The Nagaland government has repudiated Governor R N Ravi’s damning assessment of the law and order situation in the state, asserting that his observations “do not appear to be factual”.
Ravi, in a recent letter, addressed to Chief Minister Neiphiu Rio, had said “armed gangs” are brazenly running their own governments in the state, challenging the legitimacy of its elected authority and creating a “crisis of confidence” in the system.
Describing the scenario in the state as “grim”, the governor had said he had been closely observing the precarious law and order situation with lots of concern since August 2019, when he assumed office.
Responding to Ravi, Nagaland’s Department of Information & Public Relations (DIPR) said the overall law and order situation in the state continues to be normal and peaceful.
“The state government is of the view that the assessment of the law and order being precarious, grim and having deteriorated and collapsed since August 2019 does not appear to be factual. All the wings of the law and order machinery are working effectively in tandem to ensure a peaceful atmosphere in the state,” it said in a statement.
The DIPR said the state of Nagaland was born out of a political settlement, but, in the last 57 years of its existence, the political problem still remains unresolved.
The central government has been negotiating with Naga Political Groups (NPGs) since 1997.
Ravi, who appointed as Governor of Nagaland on August 1 last year, had been the Centre’s interlocutor for Naga peace talks.
In his letter, he had alleged that day to day unrestrained depredations by over a dozen organised armed gangs brazenly running their respective so-called governments, challenging the legitimacy of the state government without any resistance from the law and order machinery, has created a crisis of confidence in the system.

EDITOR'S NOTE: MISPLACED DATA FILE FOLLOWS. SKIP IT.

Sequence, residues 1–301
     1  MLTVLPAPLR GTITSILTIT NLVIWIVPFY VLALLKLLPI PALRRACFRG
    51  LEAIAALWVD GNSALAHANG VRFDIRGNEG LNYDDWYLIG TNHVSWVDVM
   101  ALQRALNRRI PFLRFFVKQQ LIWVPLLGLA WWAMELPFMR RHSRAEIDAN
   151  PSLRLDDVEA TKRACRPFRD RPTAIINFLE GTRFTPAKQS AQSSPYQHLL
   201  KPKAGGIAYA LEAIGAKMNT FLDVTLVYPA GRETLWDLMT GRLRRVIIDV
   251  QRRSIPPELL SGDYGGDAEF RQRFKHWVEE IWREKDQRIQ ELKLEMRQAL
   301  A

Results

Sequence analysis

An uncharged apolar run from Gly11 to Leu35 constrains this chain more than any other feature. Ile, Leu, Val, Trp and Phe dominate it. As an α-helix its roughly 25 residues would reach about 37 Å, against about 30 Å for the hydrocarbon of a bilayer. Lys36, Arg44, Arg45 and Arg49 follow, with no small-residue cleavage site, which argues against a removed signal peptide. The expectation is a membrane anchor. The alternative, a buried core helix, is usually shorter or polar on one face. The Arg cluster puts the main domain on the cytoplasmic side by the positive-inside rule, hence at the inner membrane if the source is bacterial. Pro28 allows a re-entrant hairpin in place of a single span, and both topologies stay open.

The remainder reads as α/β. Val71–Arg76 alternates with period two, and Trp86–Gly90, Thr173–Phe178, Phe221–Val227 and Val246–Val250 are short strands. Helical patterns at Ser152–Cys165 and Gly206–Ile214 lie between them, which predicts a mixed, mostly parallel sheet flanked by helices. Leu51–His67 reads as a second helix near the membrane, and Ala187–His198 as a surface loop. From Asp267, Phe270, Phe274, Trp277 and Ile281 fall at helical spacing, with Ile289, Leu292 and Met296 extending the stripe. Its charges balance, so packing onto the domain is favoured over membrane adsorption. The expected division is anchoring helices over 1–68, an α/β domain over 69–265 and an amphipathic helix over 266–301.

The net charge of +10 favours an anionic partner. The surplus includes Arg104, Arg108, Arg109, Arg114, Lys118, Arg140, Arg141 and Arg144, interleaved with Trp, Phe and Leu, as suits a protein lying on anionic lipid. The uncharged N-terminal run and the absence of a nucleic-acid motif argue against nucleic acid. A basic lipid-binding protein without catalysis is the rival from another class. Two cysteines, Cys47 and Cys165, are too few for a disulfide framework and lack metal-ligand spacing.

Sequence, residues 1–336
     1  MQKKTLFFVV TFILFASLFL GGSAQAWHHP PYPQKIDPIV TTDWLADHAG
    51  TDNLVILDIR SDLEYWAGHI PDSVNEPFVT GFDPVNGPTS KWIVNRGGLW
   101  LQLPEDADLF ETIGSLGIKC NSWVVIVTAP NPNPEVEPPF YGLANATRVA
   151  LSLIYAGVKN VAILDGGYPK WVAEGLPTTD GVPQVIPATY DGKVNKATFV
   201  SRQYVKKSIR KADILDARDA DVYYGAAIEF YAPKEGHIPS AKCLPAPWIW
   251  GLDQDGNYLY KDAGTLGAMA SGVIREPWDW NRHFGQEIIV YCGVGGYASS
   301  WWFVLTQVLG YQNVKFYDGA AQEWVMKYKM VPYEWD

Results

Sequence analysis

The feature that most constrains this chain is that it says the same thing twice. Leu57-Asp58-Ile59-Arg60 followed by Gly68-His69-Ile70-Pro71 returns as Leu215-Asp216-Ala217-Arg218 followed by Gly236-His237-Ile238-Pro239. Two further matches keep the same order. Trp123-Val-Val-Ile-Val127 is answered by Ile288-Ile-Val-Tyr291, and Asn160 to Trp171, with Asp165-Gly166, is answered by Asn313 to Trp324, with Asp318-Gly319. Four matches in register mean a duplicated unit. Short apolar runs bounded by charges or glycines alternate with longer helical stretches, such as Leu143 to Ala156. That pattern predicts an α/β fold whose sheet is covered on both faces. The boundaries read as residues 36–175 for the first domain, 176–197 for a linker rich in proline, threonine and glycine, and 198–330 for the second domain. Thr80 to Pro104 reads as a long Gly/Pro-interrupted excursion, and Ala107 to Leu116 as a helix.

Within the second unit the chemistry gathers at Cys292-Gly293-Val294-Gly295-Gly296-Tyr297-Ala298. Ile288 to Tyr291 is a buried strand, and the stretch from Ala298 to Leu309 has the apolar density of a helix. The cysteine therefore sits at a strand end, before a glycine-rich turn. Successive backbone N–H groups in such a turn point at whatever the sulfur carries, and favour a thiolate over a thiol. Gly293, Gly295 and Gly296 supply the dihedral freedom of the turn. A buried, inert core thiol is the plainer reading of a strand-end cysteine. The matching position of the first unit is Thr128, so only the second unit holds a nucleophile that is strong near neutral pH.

The DIPR statement, however, said, “Terming the organisations as ‘armed gangs’ may not be in the interest of the peace process and may not be congenial to the achievement of lasting peace, which is the desire of both the Centre and the state government… Peace in Nagaland will also ensure stability in the entire region.”
It said that the Union government is in a ceasefire agreement with the Naga national political groups for more than two decades, and the talks are reported to have concluded in October 2019, and people are expecting an early political solution.
The DIPR said that from time to time, there have been occasions when unruly elements have made attempts to vitiate the situation by trying to impose illegal taxes and carry out extortions, but the state police has been “all along very proactive in dealing with such cases”.
Anti-extortion cells have been constituted in all the districts and measures like mobile highway patrolling are also operational in Kohima and Dimapur, it said.
“The state government has been seized of the matter of land encroachment… these issues are being dealt with the utmost seriousness but require constant effort as they have accumulated over a long period of time,” the statement said.
The DIPR said incidents of serious and heinous crimes in Nagaland have seen a gradual decrease over the years, and efforts are on to minimise them.
On Ravi’s warning that he will invoke the provisions of Article 371A(1)(b) of the Constitution, which gives the Nagaland governor special responsibility with respect to law and order, the state government said the procedure of taking approval of the governor for transfer and posting of senior government officials was done away with through a resolution in December 2013.
“The state government is of the view that any decision to put the clock back in contravention of such a resolution in the guise of discharging special responsibilities under Article 371(A)(1)(b) would be against the principles of democracy and viewed as anti-people,” the statement added.
The Rio-led government is a coalition of Nationalist Democratic Progressive Party (NDPP) and the BJP.